PROFESSIONAL ANXIETY

I realized recently that there is a serious source of anxiety in my job. I am a pastor working with churches in an area where I have lived for around 40 years. Many of the people who form the congregations I serve are more than just parishioners—they are friends. The relationships go back many years and involve many shared experiences that have tied us together over the years. And because of the fact that I have been here so long, I know many in the communities who don’t attend our church—or any church—equally as well.

I had some inkling of the anxiety but tended to ignore it until this week. I had a call about a death—not an unusual call for a pastor in an area with one of the highest rates of over 65s in Canada. The call involved someone I knew, not a church member but with strong family connections in the church, someone I knew because of the family connections. Shortly after that call, I got another about another death. Again, this was a person I knew well, who had at one point been heavily involved in churches I pastored but who had moved and while still in the immediate area, wasn’t as much a part of any churches I pastor.

The anxiety developed as I realized that both these people were about my age, I knew them fairly well and in the end, while they were not parishioners, they were friends. My thinking process, always a bit overactive, very quickly began making lists of people in the same category: people I know who are like me getting on in years. Unlike me, some of them have developed some fairly significant health problems and we are all at the stage in life where the unexpected can pop up at any time.

For me, the anxiety develops because I realize that professionally and personally, when bad things happen, I am the person who is going to get called. Professionally, I am the pastor to a significant number of people, some of whom attend worship and some of whom don’t. Personally, I am the only pastor many people know—they don’t actually know me as their pastor but they know I am a pastor and that means they will call when life gets tough.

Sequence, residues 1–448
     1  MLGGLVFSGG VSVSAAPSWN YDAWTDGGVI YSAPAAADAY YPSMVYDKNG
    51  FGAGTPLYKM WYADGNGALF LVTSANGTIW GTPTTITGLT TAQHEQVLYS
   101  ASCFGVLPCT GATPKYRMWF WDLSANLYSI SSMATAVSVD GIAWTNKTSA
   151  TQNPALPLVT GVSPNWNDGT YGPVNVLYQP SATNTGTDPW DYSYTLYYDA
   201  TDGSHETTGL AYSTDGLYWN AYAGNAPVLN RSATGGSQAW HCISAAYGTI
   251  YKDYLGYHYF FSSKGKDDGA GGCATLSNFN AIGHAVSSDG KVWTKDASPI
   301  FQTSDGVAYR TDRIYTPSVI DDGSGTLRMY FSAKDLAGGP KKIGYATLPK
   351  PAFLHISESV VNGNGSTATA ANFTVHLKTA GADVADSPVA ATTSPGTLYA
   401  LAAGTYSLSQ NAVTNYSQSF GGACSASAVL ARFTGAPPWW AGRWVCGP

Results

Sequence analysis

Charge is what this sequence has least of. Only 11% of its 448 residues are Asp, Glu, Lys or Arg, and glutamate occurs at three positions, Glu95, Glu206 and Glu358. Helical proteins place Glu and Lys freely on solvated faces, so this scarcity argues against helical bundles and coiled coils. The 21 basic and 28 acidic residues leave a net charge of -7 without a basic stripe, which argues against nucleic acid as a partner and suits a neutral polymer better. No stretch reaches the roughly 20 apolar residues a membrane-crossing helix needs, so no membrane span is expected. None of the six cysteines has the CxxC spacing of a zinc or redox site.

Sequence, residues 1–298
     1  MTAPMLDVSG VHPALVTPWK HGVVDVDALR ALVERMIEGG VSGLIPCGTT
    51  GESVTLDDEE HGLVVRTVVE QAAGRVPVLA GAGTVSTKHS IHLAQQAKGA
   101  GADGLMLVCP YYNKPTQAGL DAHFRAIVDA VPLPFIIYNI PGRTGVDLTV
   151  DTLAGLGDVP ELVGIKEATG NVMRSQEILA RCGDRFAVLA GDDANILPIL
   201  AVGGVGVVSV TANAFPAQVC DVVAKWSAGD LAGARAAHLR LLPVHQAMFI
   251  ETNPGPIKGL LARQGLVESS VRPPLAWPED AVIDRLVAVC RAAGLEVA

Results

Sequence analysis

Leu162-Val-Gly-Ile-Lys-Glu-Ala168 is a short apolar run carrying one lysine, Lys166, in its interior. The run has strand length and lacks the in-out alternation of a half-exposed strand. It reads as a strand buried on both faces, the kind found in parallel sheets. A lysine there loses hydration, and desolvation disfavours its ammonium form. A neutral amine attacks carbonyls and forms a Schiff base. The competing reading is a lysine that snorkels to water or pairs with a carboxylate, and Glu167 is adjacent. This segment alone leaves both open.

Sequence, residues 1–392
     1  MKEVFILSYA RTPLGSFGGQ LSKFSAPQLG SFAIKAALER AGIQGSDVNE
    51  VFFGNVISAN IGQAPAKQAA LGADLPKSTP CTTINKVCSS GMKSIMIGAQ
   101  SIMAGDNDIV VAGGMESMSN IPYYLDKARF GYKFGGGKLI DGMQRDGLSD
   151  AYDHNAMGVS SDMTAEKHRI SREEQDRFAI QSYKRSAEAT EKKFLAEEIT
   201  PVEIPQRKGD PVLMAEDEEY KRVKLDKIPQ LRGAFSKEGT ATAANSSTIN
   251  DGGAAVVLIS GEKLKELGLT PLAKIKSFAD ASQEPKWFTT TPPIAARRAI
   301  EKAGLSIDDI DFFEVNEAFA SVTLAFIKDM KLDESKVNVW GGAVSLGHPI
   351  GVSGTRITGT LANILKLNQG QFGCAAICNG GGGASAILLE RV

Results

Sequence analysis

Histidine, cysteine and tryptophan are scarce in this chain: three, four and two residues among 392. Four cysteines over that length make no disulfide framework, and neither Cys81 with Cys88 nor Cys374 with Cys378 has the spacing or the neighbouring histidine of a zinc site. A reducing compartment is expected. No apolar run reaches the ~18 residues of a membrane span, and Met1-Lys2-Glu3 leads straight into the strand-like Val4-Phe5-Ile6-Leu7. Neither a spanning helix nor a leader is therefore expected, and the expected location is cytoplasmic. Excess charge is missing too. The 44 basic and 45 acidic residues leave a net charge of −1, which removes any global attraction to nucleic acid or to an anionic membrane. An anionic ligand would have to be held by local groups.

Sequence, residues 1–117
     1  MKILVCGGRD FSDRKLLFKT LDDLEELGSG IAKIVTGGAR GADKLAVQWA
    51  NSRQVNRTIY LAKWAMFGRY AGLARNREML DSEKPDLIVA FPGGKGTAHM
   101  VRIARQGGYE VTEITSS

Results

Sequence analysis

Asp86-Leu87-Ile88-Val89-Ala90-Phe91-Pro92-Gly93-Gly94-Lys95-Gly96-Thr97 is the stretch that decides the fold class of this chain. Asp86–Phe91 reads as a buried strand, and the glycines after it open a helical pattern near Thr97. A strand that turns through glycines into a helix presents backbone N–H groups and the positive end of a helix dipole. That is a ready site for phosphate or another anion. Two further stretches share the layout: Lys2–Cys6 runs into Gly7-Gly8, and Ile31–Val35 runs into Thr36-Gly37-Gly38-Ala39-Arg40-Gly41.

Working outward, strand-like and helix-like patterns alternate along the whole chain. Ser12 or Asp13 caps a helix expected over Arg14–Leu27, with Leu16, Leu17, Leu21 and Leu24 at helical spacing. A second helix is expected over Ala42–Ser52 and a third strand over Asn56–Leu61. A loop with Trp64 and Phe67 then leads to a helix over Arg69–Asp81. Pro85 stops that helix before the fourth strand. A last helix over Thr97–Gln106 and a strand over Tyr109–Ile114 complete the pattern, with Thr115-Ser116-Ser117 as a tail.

So, I do a lot of funerals for friends and family of friends. Doing funerals is a basic part of my job—it is so basic a part of the job that early in my ministry, I spent a lot of time looking at the death and funeral process so that I could do the best job possible. I like to think that when it comes to the grief and funeral process, I know what I am doing.

But there is a major difference doing what I do for someone I have known and liked and spent time with in a variety of ways over the years. I am grieving myself—maybe not as much as the family but I have still lost someone whose death is creating a dark hole in my life. My work and my life come together creating a difficult task—I need to use all my training and professional ability to help people process a death that I am also processing at the same time.

My anxiety isn’t about that, or at least, it isn’t primarily about that. I can do that—there is a certain amount of this cross over in every funeral. I have learned how to help people as a pastor and process my own grief at the same time in a way that enables both to happen. It hasn’t been and isn’t always easy but I can do it.